A CONTROVERSIAL decision to grant planning approval for a waste composting plant is to be challenged at London’s High Court.
Derbyshire County Council ignored overwhelming public opinion 12 months ago when it approved Sita UK’s application for a composting plant at Arkwright Town near Chesterfield.
If the plant is completed on the site of the former Arkwright Colliery it will be used to recycle 40,000 tonnes of garden and kitchen waste collected each year from kerbsides in Chesterfield, Bolsover and North East Derbyshire.
More than 1,000 residents signed a petition opposing the scheme last year. NE Derbyshire District Council and Sutton-cum-Duckmanton Parish Council objected on the grounds of it being an inappropriate rural location, citing traffic and the impact on residents’ amenity.
Arkwright Town resident Bill Bosson has applied for a judicial review of the decision. The High Court has agreed to an oral hearing on March 4 to decide whether a full judicial review can go ahead.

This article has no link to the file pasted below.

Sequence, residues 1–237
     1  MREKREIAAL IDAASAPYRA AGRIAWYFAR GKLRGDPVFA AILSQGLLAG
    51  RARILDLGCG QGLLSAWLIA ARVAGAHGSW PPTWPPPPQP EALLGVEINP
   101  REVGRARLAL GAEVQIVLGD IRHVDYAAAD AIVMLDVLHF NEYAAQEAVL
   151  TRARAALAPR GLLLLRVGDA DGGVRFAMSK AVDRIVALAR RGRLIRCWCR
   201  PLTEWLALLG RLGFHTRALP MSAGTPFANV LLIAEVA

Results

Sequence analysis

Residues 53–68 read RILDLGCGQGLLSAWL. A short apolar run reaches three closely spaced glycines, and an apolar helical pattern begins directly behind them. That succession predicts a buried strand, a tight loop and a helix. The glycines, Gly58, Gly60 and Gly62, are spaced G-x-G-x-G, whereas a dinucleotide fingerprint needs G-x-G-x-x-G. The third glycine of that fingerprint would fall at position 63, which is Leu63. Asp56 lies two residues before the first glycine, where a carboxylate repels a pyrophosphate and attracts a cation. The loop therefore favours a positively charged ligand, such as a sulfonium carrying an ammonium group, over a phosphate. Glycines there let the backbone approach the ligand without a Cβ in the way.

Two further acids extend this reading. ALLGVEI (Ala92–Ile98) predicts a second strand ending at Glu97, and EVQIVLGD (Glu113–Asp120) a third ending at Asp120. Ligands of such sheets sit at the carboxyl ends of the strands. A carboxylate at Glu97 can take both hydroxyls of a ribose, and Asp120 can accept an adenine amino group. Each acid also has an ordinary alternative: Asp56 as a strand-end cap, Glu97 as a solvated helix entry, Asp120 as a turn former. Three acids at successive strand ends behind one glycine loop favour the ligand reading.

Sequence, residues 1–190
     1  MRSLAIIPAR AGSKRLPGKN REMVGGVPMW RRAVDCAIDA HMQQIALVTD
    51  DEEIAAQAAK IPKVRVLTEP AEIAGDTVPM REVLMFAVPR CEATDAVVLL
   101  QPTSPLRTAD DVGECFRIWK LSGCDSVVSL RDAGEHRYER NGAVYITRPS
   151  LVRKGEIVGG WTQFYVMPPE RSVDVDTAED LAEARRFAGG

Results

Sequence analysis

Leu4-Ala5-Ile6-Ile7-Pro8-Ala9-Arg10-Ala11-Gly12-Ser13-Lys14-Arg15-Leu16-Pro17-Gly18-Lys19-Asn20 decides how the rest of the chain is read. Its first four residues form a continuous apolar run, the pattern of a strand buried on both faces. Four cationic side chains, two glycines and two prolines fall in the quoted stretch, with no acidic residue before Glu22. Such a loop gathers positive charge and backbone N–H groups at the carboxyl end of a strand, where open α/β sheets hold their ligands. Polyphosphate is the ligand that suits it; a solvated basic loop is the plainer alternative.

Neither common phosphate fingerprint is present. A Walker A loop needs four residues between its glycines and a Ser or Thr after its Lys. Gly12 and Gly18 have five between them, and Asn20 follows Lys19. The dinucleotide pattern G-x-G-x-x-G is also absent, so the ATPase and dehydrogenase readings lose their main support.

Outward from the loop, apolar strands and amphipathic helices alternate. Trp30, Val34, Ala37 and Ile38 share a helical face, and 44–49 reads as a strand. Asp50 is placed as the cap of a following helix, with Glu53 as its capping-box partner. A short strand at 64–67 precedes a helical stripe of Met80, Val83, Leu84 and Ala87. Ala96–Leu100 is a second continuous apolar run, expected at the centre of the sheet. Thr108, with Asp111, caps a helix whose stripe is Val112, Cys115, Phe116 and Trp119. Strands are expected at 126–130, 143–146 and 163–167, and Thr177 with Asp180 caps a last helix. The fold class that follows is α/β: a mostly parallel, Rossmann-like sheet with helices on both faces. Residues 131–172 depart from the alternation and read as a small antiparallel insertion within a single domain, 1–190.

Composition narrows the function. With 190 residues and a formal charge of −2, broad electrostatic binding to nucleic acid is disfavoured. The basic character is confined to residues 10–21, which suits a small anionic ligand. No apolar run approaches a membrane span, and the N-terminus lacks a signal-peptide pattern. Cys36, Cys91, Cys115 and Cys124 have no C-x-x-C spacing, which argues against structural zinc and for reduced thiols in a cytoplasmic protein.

Sutton-cum-Duckmanton Parish Council has backed Mr Bosson’s application - and slammed the county council’s decision to hire an expensive barrister for the hearing, at a time of deep spending cuts.
The entire population of Arkwright Town was evacuated and relocated because of problems with methane gas from old workings after the colliery closed in 1988.
Residents have long campaigned for the colliery to be restored for public use and say the new plans will pose a huge disruption.
Parish council chairman Norman Hough said: “It just does not make sense what the county council is doing, other than an obsession to stick with this facility at Arkwright at any cost. The feeling of local people is so strong. This community has suffered enough.
“We are 100 per cent against the facility on that site, with the prospect of up to 44 lorries a day carrying waste into an industrial-scale development with the associated nuisances.”